How to Animate along a Path in Adobe Flash CS6
For some tweens in Adobe Flash CS6, you’ll want to have your symbol follow a more elaborate path of motion, such as a race car following a track. In these cases, you can give your tween a specific path to follow by creating a custom motion path.
Starting in Flash CS4, experienced Flash users may have noticed the absence of the Add Motion Guide button below the Timeline. Because the animation engine has been completely revised, the process of creating motion guides no longer requires a separate layer. You can now modify or replace the motion paths that are created automatically with each new tween span.
Motion guides are especially useful when you work with a shape that has an obvious orientation (or direction, such as the nose of a car or an airplane). For this reason, make sure to use a symbol with an obvious orientation (such as a triangle) as your tweened object in these steps:
Create a new Flash document, and create some interesting graphics on the stage.
Using the Selection tool, select the graphics you created and press the F8 shortcut key to convert the graphic to a symbol.
When the Convert to Symbol dialog box appears, select Graphic from the Type drop-down list and enter a name for the symbol in the Name text box.
Create another new layer on the Timeline, select the Pencil tool in the Tools panel, and select a stroke color from the Property inspector on the right.
Make sure that Object Drawing mode is turned off. This button appears at the bottom of the Tools panel when the Pencil tool is selected.
Draw a path on the stage with the Pencil tool.Credit: Logo and illustration courtesy of Jambone Creative (www.jambonecreative.com).
Switch to the Selection tool and double-click the path you just created.
Choose Edit→Cut to remove the path from the stage temporarily.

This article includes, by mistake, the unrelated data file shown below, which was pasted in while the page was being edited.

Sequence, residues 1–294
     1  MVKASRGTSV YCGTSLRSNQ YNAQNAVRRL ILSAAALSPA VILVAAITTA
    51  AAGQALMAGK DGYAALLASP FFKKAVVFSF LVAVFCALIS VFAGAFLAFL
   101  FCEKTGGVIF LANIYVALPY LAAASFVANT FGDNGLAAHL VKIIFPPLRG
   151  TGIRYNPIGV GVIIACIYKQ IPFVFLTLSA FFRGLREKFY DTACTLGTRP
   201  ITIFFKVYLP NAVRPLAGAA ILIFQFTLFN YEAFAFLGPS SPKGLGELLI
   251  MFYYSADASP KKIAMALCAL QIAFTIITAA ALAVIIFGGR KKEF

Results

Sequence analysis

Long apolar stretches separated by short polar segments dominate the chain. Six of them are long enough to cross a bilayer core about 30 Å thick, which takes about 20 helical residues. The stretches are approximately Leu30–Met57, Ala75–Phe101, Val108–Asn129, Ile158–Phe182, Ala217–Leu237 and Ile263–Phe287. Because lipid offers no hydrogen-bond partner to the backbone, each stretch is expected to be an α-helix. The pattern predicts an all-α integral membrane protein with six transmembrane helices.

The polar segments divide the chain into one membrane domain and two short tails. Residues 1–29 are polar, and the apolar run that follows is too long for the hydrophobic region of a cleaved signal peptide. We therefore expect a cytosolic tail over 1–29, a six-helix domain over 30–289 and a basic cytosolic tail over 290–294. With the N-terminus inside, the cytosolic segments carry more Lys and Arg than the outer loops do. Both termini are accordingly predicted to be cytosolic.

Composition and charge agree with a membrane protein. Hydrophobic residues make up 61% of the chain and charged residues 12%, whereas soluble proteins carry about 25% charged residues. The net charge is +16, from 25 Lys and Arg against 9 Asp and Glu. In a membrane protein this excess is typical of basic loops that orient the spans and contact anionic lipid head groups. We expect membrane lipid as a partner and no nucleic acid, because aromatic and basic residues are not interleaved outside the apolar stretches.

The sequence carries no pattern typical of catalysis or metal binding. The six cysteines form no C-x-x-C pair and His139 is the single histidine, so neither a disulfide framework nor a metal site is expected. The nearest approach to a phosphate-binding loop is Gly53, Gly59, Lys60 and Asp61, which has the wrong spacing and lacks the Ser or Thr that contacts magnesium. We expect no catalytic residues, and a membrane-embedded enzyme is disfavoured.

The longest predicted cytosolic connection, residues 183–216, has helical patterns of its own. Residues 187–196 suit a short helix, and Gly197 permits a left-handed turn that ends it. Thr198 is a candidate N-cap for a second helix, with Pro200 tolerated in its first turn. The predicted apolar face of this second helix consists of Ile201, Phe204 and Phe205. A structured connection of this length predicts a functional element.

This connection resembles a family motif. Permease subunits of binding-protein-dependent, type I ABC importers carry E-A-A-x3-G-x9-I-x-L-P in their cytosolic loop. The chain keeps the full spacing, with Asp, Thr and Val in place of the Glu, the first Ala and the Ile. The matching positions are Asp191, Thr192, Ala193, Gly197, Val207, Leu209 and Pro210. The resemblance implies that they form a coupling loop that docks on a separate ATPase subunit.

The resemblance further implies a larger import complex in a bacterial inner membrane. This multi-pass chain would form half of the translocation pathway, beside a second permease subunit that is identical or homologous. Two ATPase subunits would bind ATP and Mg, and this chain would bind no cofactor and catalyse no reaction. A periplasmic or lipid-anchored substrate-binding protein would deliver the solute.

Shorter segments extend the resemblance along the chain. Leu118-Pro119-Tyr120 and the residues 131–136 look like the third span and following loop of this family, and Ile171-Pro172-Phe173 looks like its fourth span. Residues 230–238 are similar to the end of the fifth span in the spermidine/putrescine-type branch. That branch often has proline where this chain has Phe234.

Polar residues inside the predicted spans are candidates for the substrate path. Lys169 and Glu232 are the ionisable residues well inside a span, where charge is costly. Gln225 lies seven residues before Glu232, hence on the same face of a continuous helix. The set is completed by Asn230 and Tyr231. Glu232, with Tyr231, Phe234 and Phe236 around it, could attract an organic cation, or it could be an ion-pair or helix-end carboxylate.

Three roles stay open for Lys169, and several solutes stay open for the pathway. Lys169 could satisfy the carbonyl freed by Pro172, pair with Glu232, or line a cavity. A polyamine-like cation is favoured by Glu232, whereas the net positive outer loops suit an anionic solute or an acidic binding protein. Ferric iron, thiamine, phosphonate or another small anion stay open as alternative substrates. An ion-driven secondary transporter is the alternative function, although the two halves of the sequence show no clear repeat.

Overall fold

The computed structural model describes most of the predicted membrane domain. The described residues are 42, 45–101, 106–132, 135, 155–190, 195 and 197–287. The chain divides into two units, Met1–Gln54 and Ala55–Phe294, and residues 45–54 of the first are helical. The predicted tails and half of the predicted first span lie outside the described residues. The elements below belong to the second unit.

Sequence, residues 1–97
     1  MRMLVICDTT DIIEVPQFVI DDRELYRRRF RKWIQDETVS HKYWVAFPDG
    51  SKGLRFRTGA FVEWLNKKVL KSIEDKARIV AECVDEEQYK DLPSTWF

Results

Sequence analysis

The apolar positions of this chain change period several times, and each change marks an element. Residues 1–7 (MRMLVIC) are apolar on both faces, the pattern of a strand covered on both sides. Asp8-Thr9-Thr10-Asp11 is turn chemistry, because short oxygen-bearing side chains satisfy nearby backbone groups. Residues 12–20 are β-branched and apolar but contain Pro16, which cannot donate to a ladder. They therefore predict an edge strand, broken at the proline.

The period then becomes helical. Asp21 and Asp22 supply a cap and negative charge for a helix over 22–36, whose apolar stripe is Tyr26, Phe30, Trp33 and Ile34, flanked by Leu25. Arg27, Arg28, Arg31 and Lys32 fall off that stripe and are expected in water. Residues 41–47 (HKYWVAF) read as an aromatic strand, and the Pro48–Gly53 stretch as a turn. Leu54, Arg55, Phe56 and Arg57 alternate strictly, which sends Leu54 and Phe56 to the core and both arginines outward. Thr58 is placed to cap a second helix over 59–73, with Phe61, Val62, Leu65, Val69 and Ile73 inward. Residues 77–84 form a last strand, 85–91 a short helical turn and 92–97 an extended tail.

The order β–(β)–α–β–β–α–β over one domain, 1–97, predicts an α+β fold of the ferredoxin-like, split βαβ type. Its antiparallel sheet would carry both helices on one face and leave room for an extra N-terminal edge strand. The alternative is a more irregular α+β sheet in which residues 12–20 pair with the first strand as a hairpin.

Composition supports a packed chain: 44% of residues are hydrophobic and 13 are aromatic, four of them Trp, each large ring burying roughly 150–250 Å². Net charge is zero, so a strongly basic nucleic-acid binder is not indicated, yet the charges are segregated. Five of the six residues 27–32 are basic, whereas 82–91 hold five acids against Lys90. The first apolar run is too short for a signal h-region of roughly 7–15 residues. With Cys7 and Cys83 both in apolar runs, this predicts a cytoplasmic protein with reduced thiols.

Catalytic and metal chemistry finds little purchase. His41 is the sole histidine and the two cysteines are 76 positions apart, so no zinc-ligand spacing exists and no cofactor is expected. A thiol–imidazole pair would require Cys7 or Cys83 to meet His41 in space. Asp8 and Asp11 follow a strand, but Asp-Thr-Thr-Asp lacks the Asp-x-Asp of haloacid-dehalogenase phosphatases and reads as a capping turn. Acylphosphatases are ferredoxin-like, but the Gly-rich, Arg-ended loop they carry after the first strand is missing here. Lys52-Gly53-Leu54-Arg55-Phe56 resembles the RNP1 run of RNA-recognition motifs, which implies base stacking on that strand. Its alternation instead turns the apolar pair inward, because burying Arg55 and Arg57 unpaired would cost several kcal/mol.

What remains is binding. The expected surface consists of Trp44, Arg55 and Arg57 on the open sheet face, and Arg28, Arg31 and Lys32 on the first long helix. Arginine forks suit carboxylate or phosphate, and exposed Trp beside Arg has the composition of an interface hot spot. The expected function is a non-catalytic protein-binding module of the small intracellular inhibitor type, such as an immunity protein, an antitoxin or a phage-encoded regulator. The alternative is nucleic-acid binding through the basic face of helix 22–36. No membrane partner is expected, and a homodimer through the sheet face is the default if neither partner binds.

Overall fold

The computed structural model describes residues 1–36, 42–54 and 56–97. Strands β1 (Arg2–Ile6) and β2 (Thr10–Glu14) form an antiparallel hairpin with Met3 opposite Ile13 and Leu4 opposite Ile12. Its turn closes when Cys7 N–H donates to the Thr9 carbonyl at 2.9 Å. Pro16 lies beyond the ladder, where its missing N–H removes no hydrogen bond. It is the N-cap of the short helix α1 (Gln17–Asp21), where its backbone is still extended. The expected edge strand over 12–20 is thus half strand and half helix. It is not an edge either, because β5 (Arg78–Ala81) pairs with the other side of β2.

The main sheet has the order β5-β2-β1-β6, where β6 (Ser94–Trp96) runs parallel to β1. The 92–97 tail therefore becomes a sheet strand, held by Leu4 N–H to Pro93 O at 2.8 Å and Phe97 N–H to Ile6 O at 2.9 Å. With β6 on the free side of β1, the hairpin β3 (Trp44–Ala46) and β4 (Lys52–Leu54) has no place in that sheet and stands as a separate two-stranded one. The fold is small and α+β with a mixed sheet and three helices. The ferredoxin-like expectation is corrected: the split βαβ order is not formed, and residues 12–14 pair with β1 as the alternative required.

Right-click (Windows) or Control-click (Mac) Frame 1 of the layer that contains your symbol and choose Create Motion Tween from the contextual menu that appears.
A new tween span is created for your triangle symbol.
Choose Edit→Paste in Place to paste the path you created earlier.
Flash automatically converts the path to a motion path, and your symbol snaps to the path.Jambone Creativ"/>Credit: Logo and illustration courtesy of Jambone Creative.
Press Enter or Return to play your movie.
The symbol follows the path you created. Next, you can tweak the tween so that the symbol follows the exact orientation of the path.
Select Frame 1 of your tween span; in the Property inspector, locate and select the Orient to Path check box, which is located under the Rotation options.
Press Enter or Return again to play your movie.
The symbol changes rotation to match the direction of the path.
Starting off your symbol on the right foot often helps produce better results when using Orient to Path. If the symbol orientation isn’t what you expect, try rotating the symbol in the right direction at both the beginning and ending frames of the tween span.
Watch out for paths that overlap themselves — the results may not be what you expect.